“I Could” is demo fragile, caught in amber at the moment of its genesis; it’s a space blues, easy, down-stroking guitar, swooshes and swirls of generative synth lifting the tune into the atmosphere.
“Time Waits for No One” – that motif again; it “waits for no one”, nor for me, Chris sings, his acoustic sculling us on down that chronological river, entwined with a simple, mantric ring of lead guitar, picking out just a few gleaming top notes. You can really tell Pete Kember is the man behind the curtain; he brings the grace, the space, the otherworldly bedding over which Chris can fly. There’s a subtle chatter, a bubbling of FX-laden guitar out back – is it a Vox Teardrop? – with reverb and tremolo and I’m guessing, listening through, a little wah-wah. The song takes flight in a backwards-masked psych lead line, always a winner; it shares similar territory, for me, with Galaxie 500’s “Another Day”, which is a trick which a song can repeat to infinity for my money. Gorgeous.
“Dreamsong” is a lush psychedelic folk instrumental, with Gillian Rivers’ and Yuiko Kamakari’s strings centre stage, bringing a Left Banke or Pearls Before Swine vibe.
“Had Enough Blues”, follows; it is, Chris details, “the closest thing I’ve ever gotten to a topical song, and then Pete did this incredible, unexpected word collage at the end of it.
“Anger is smouldering there for sure, but the song is also about stepping out of cycles of suffering, through music. Remember – the blues are redemptive.” And as with the album as a whole, redemption, absolution, may be had within. Chris lays back on the grass and looks up at the sky, while noting with simple wisdom “some people, well they always gonna bring you down.” Lie down, be counted; don’t engage with the vexatious, they sap you.
It’s a simple three-chord that cycles airily, just enough of that progression to hang your hat on; it recalls Spectrum, certainly, the Velvets, even Suicide on a chipper day; which is a meandering way of saying there’s a timeless classicism at work here. Pete’s closing sample cut-up adds an unsettling dimension.
“Been a Lover” rings with, forgive the pun, the gentle flame of drone sonics, over which Chris’s voice is double-tracked, a twangy blues figure here, there. Again there’s a looking over the shoulder, Orpheus gazing back at, and losing, Eurydice; a parting implicit and inexorable. “I’ve been a lover / For such a long time / I’ve forgotten how to look after myself,” Chris laments, a chilling, cosmic wind a-blowin and whistling through any crack it can find in that one-note organ warmth and ragged, sensitive blues.
“Curtain Grove” has a country swing, a singing sweetness, and you could have no complaints were it to remain so; “Time goes by in a curtain grove / And time it will stand still,” hushes Chris. And it swells with strings, playing on some plane of resonance and poise which simple flesh and blood rarely glimpses; when they reaffirm with a quick approach a few bars along, they’re jaw-dropping in a way say, Bill Fay’s “Cannons Plain” might be, were it covered by Broadcast. One of the songs of the year, already. Plain as day.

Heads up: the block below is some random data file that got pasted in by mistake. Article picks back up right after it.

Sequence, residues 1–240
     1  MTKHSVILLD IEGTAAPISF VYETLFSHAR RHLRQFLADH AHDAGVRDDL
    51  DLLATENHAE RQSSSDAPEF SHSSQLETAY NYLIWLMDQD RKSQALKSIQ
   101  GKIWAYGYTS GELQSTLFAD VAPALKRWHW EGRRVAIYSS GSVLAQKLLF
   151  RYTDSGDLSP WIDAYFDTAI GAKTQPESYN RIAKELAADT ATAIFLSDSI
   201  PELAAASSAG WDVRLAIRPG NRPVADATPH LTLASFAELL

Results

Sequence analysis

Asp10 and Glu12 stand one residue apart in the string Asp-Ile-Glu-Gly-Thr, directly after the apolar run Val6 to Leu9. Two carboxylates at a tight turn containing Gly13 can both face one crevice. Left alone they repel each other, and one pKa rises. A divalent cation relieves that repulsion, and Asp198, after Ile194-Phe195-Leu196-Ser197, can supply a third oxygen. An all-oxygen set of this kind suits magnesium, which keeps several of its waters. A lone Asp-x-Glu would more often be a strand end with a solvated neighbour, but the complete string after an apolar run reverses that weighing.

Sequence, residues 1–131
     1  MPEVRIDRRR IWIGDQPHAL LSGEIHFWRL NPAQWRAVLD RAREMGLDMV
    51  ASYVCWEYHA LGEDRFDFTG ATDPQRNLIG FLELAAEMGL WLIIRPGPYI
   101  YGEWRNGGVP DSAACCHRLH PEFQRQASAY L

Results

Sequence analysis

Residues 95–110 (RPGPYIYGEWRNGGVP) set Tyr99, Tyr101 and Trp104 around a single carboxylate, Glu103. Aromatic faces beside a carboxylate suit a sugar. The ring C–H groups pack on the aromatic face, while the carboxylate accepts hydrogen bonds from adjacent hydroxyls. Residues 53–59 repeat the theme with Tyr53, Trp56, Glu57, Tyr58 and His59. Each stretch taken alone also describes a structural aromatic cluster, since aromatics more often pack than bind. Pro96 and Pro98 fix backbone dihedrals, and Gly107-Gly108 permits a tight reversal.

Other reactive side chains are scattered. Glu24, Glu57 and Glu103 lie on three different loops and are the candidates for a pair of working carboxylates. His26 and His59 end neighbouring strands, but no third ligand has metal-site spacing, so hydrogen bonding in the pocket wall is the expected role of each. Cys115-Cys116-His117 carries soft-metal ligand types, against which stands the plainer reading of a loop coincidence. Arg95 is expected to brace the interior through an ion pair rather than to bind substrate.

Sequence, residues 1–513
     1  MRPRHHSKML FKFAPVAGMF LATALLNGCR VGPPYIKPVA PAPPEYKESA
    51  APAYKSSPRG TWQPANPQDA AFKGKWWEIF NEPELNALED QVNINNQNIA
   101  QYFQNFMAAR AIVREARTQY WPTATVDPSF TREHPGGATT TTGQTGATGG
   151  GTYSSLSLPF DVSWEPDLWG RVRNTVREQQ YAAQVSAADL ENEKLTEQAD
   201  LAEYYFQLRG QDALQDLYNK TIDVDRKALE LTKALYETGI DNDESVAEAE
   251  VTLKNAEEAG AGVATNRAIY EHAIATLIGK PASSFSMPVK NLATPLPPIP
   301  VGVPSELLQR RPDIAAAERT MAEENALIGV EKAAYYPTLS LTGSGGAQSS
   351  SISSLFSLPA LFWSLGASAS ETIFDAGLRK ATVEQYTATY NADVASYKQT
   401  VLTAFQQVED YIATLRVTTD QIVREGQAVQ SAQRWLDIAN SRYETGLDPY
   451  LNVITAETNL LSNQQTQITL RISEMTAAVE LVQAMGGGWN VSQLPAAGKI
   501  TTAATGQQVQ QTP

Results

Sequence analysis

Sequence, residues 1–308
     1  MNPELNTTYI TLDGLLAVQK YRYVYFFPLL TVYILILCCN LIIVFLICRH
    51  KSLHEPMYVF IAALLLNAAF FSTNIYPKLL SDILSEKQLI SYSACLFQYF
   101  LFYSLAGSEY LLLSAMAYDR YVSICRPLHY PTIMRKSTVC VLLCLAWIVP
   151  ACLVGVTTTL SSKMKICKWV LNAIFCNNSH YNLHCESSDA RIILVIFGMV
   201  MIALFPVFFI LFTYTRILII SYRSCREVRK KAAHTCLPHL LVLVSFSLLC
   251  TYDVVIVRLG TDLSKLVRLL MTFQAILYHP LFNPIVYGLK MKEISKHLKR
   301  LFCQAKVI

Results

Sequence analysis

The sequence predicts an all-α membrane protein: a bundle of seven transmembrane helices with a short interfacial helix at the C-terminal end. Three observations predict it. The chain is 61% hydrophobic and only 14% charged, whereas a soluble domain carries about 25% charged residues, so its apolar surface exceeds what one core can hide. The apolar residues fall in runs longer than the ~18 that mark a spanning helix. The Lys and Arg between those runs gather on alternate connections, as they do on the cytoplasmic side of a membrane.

“Hitch a Ride” stays soothingly western; a very transporting, ecstatic, thrilled stripe of psych-country; a song with stars in its wide eyes. The guitars are layered, shimmering. It’s also a dear john of sorts, a shedding, an earthing of romantic dreams; “Never gonna hitch a ride into some sunset, girl / With you”. Come down easy, lover. The drums arrive a few bars in, the subtlest heartbeat.
We finish with a cover, and of Townes Van Zandt’s “No Place to Fall”, no less, from his 1978 album of the same name. Why did Chris select it?
“Townes Van Zandt speaks to me – his depiction of time as a train – “Time, she’s a fast old train / She’s here then she’s gone” – [and there’s that leitmotif again] is eloquent, precise.
“This album is also about travel and the many facets of love, so lyrically there are affinities. Townes was a masterful writer, able to merge concepts of time, travel and love into one, short tune.” And of course he does it justice; doesn’t if fit right in here, among such surroundings? Cheval Sombre take the raw, laconic original and bring out a gleaming purity in its sentiment and melody. He makes it his own, and it doesn’t feel like a homage or an aside, but a final piece slotting in. Some off-kilter snare beats subconsciously suggest departure for battle to these ears, and they are just the slightest touch, interjecting twice. Less can be so much more.
Well, wow. Time Waits For No One is not without its darknesses, its sadnesses, but they’re approached with the calm, supplicant grace that sits right in the heart of such feelings; and it is bloody beautiful. It isn’t, I don’t think, too much of a stretch to say it that while any song here would brighten a playlist immeasurably, it works as an interlocking whole; listen to it as such, ffs don’t chop it up and randomise it. Buy it, actually.
Once we get used to the idea that time is ineluctable, then we can get on and make sure we embrace beauty as we can. This record is very much numbered in that category. It’s maybe a record for us to get ready for the coming annual cycle, dust ourselves down, re-engage in maybe subtly different, more refined ways of being.
Can Time Waits For No One defeat time? No, but it will give you an entirely discrete space outside the depredations and rude entropy that time just loves to enact.
It’s an amulet, a perfect prescription; you can use it to ward off the world. Really, do.
Cheval Sombre’s Time Waits For No One will be released by Sonic Cathedral on digital download, CD and vinyl on February 26th; you can pre-order your copy from Sonic Cathedral direct, from Rough Trade, and from Norman Records.